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Open AccessArticle

Distinct Signatures of Host Defense Suppression by Plant-Feeding Mites

1
Department of Evolutionary and Population Biology, Institute for Biodiversity and Ecosystem Dynamics, University of Amsterdam, P.O. Box 94240, 1090 GE Amsterdam, The Netherlands
2
Department of Plants and Crops, Faculty of Bioscience Engineering, Ghent University, B-9000 Ghent, Belgium
3
Department of Plant Physiology, Swammerdam Institute for Life Sciences, University of Amsterdam, P.O. Box 94215, 1090 GE Amsterdam, The Netherlands
*
Author to whom correspondence should be addressed.
These authors contributed equally to this work.
Current address: Institute of Plant Sciences, University of Bern, 3013 Bern, Switzerland.
§
Current address: Rijk Zwaan Breeding BV, P.O. Box 40, 2678 ZG De Lier, The Netherlands.
Int. J. Mol. Sci. 2018, 19(10), 3265; https://doi.org/10.3390/ijms19103265
Received: 8 August 2018 / Revised: 12 October 2018 / Accepted: 14 October 2018 / Published: 20 October 2018
(This article belongs to the Special Issue Plant Defense Genes Against Biotic Stresses)
Tomato plants are attacked by diverse herbivorous arthropods, including by cell-content-feeding mites, such as the extreme generalist Tetranychus urticae and specialists like Tetranychus evansi and Aculops lycopersici. Mite feeding induces plant defense responses that reduce mite performance. However, T. evansi and A. lycopersici suppress plant defenses via poorly understood mechanisms and, consequently, maintain a high performance on tomato. On a shared host, T. urticae can be facilitated by either of the specialist mites, likely due to the suppression of plant defenses. To better understand defense suppression and indirect plant-mediated interactions between herbivorous mites, we used gene-expression microarrays to analyze the transcriptomic changes in tomato after attack by either a single mite species (T. urticae, T. evansi, A. lycopersici) or two species simultaneously (T. urticae plus T. evansi or T. urticae plus A. lycopersici). Additionally, we assessed mite-induced changes in defense-associated phytohormones using LC-MS/MS. Compared to non-infested controls, jasmonates (JAs) and salicylate (SA) accumulated to higher amounts upon all mite-infestation treatments, but the response was attenuated after single infestations with defense-suppressors. Strikingly, whereas 8 to 10% of tomato genes were differentially expressed upon single infestations with T. urticae or A. lycopersici, respectively, only 0.1% was altered in T. evansi-infested plants. Transcriptome analysis of dual-infested leaves revealed that A. lycopersici primarily suppressed T. urticae-induced JA defenses, while T. evansi dampened T. urticae-triggered host responses on a transcriptome-wide scale. The latter suggests that T. evansi not solely down-regulates plant gene expression, but rather directs it back towards housekeeping levels. Our results provide valuable new insights into the mechanisms underlying host defense suppression and the plant-mediated facilitation of competing herbivores. View Full-Text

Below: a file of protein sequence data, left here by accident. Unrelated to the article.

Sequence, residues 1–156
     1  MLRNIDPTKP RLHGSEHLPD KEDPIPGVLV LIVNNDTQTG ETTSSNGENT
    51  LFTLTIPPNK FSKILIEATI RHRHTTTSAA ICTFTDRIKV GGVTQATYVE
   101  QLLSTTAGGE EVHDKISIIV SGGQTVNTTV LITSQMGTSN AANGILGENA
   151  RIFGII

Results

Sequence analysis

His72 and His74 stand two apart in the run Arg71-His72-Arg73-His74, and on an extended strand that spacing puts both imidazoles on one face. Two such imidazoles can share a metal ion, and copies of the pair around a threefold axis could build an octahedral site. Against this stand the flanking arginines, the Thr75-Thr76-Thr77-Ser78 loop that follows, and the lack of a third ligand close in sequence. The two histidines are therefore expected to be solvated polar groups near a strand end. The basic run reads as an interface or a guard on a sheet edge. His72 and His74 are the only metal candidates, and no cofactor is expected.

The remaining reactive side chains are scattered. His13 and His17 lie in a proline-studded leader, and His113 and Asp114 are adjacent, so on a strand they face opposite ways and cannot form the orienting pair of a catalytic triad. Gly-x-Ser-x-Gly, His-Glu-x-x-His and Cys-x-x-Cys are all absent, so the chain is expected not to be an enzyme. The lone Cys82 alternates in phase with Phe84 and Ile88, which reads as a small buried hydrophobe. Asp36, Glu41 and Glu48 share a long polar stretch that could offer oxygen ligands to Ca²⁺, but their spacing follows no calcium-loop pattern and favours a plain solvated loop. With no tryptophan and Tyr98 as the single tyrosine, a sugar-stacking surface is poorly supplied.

Keywords: comparative transcriptomics; defense suppression; dual infestation; facilitation; herbivore; plant defense; plant-mediated interactions; tomato red spider mite (Tetranychus evansi); tomato russet mite (Aculops lycopersici); two-spotted spider mite (Tetranychus urticae) comparative transcriptomics; defense suppression; dual infestation; facilitation; herbivore; plant defense; plant-mediated interactions; tomato red spider mite (Tetranychus evansi); tomato russet mite (Aculops lycopersici); two-spotted spider mite (Tetranychus urticae)
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MDPI and ACS Style

Schimmel, B.C.J.; Alba, J.M.; Wybouw, N.; Glas, J.J.; Meijer, T.T.; Schuurink, R.C.; Kant, M.R. Distinct Signatures of Host Defense Suppression by Plant-Feeding Mites. Int. J. Mol. Sci. 2018, 19, 3265.

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